17 April 2016
The retirement of a veteran National ahead of a state election in New South Wales in 1991 set in train a memorable political career. But nobody would’ve known it at the time.
The Nationals had to hold a preselection vote, to choose someone to succeed the retiring National, Noel Park, who’d held the seat of Tamworth for years. Although a successor to Park was chosen, a rival beaten for preselection ended up running as an Independent against that chosen National in Tamworth at that 1991 election. And the rival, named Tony Windsor, won the seat.
Windsor immediately attracted media attention after this, albeit not of his making. He and another three Independents found themselves holding the balance of power in the NSW Parliament, after the election, against expectations, produced a hung result.
The election cost Premier Nick Greiner his parliamentary majority, and he could only govern with Independent support. He initially needed only one crossbench vote, and Windsor provided it. But the loss of a seat in a by-election later left Greiner reliant on more crossbench votes, and he ultimately resigned after a scandal surrounding a former minister. Meanwhile, Windsor went on to hold Tamworth at elections in 1995 and 1999, winning a large majority of the primary vote there in 1999.
Two years later, widespread rural dissatisfaction with the Nationals prompted Windsor to run for Federal Parliament, and he won the seat of New England, which overlapped much of his old Tamworth seat. Immensely popular, he held it at the next three Federal elections, the last of them in 2010, but the years following the 2010 election left his reputation somewhat tarnished.
Before the election, the Labor Party had dumped Kevin Rudd as leader and Prime Minister in a surprise coup, and installed Julia Gillard in the top job. Rudd had led Labor to victory in 2007 and had been very popular among voters, but various dramas sent his popularity plunging and Labor MPs suddenly dumped him. Anger over this cost Labor its majority at the election, and left Windsor and other crossbenchers with the balance of power. Despite holding a seat where most voters would’ve preferred the Liberal-National Coalition over Labor, Windsor chose to support Gillard, whom he found more tolerable than Coalition leader Tony Abbott, and Labor was able to continue in office. Windsor also had little regard for well-known National Barnaby Joyce, and he said as much.
Abbott and the Coalition, and their media cheer squad, subsequently waged a relentless stop-at-nothing war against the Independents, as well as Labor, to try shaming the Independents into tipping Labor out of office. The Coalition was particularly peeved at Windsor, and ahead of a Federal election in 2013, Joyce chose to leave the Senate, where he’d been since 2005, in order to run against Windsor in New England.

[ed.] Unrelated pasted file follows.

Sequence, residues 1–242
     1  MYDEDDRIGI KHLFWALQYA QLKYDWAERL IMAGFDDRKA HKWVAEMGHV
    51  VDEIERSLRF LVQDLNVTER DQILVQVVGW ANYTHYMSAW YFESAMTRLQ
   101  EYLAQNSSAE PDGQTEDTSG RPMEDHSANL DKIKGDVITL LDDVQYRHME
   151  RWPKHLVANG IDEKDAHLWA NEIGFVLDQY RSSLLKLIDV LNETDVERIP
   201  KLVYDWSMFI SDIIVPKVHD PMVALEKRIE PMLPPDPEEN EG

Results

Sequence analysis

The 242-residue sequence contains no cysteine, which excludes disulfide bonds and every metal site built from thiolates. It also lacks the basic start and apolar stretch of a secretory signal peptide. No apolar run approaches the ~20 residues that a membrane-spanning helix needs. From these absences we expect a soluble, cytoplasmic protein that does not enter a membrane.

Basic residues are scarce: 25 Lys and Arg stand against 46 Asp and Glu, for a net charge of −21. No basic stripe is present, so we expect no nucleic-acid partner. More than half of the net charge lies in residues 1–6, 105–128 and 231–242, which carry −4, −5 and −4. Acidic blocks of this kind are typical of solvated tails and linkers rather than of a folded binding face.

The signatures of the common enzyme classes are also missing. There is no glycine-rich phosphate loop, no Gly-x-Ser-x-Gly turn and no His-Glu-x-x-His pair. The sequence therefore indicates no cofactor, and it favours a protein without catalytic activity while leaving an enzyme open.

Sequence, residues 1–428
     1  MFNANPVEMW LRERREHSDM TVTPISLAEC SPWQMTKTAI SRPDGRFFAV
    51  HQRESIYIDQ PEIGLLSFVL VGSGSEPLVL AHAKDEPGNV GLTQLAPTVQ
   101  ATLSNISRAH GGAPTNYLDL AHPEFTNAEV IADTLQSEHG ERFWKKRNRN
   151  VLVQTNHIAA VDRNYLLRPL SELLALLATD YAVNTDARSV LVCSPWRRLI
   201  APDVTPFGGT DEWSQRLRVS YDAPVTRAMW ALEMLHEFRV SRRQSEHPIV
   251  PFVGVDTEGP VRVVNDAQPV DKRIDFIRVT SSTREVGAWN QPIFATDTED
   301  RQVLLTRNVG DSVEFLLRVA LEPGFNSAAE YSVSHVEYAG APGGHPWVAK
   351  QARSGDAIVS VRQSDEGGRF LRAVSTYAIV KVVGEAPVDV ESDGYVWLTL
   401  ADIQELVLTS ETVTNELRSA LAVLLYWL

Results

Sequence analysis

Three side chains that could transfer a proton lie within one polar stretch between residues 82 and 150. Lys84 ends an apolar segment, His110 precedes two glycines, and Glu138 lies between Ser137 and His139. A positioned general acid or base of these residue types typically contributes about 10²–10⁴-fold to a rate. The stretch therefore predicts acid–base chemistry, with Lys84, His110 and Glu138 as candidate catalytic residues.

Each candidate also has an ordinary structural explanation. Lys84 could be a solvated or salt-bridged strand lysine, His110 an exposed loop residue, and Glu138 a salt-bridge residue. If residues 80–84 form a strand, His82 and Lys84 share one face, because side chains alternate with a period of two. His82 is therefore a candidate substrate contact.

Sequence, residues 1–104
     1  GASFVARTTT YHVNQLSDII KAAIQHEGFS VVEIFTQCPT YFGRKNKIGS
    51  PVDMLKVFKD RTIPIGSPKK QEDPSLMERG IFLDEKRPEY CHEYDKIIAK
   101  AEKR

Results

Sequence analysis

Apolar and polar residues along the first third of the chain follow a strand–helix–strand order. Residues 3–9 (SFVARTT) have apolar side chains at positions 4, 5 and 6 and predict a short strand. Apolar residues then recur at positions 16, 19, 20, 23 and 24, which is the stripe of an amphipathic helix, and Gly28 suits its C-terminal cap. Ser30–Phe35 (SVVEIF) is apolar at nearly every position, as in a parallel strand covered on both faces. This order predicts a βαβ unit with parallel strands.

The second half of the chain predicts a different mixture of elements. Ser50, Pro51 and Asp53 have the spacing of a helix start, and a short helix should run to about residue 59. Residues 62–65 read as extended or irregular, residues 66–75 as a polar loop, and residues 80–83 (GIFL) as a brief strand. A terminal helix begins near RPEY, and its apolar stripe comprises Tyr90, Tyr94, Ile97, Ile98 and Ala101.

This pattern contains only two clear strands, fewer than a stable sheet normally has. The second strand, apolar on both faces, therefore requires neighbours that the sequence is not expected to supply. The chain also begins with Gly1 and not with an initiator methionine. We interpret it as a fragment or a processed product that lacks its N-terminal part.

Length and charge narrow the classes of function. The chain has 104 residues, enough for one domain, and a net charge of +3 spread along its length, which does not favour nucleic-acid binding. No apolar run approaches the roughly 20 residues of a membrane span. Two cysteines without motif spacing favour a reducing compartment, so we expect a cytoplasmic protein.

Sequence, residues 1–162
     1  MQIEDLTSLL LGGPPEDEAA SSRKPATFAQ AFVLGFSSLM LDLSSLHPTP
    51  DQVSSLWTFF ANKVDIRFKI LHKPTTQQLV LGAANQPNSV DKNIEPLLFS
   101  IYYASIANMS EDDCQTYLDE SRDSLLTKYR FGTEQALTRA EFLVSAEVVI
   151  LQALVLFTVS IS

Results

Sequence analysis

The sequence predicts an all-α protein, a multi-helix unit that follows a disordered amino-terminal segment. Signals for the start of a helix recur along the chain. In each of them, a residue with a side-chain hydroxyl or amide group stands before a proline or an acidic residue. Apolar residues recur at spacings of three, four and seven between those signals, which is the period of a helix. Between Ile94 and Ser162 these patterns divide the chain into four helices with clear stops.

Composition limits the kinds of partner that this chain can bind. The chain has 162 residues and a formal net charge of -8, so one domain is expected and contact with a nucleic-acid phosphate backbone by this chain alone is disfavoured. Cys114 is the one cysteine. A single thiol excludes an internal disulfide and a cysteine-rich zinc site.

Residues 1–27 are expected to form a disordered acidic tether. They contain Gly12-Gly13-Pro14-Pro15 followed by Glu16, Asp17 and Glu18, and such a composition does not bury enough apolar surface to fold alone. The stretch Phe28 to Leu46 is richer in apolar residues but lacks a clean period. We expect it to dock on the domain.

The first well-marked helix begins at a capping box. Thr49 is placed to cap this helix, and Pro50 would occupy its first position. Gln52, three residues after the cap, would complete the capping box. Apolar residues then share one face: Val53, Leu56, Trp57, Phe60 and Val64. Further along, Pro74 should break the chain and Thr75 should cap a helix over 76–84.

But just before the 2013 election was called, Windsor chose to leave Parliament. Although he apparently wasn’t in good health when he announced his departure, many people accused him of running away to avoid the wrath of his constituents for backing Labor instead of the Coalition after the 2010 election.
Had Windsor chosen to stay and fight, I suspect that he might’ve beaten Joyce, for reasons that I’ll explain later, and the battle would’ve been nasty. In the end, with Windsor out of the picture, Joyce unsurprisingly won New England with ease, and the Coalition won the 2013 election. But three years later, it looks like the nasty battle avoided in 2013 might now happen at the next election, because of what’s happened since.
The issue of mining on prime farmland, which angers many voters in NSW and Queensland, has prompted Windsor to make a comeback in New England, pitting him against Joyce, who now leads the Nationals following the retirement of Warren Truss. So this coming election will feature New England’s nasty battle of two well-known men, and flawed men at that.
Joyce was a well-known maverick and rogue when only a backbench MP, freely speaking his mind and voting as he saw fit, even if the Nationals or Liberals hated it. But when he went to the Coalition frontbench, he lost much freedom. While backbench Liberals and Nationals can vote as they see fit, their frontbenchers must support positions taken by a majority of them. And Joyce, as a National surrounded by Liberals, many with little or no understanding of the bush, can’t vote on principle unless most Liberals agree with him.
He can groan loudly about mining on prime farmland, or other issues, but if most Liberals want something done, he must toe their line. He’s now a flawed politician.
Many people also consider Windsor flawed, after he supported Gillard and Labor. But they forget that he voted against Gillard and Labor at times, including over abolition of a building industry authority, which the Coalition now seeks to revive. Unlike Joyce, Windsor remains free to act on principle.
Flaws surround both Joyce and Windsor. But I just don’t see mining on prime farmland, or any other issue, as triggering enough anger all over New England to ultimately bring Joyce down. Windsor will probably suffer his first loss since that Tamworth preselection vote ahead of the 1991 NSW election. The battle between those two men, whatever their flaws, will nevertheless be watched keenly.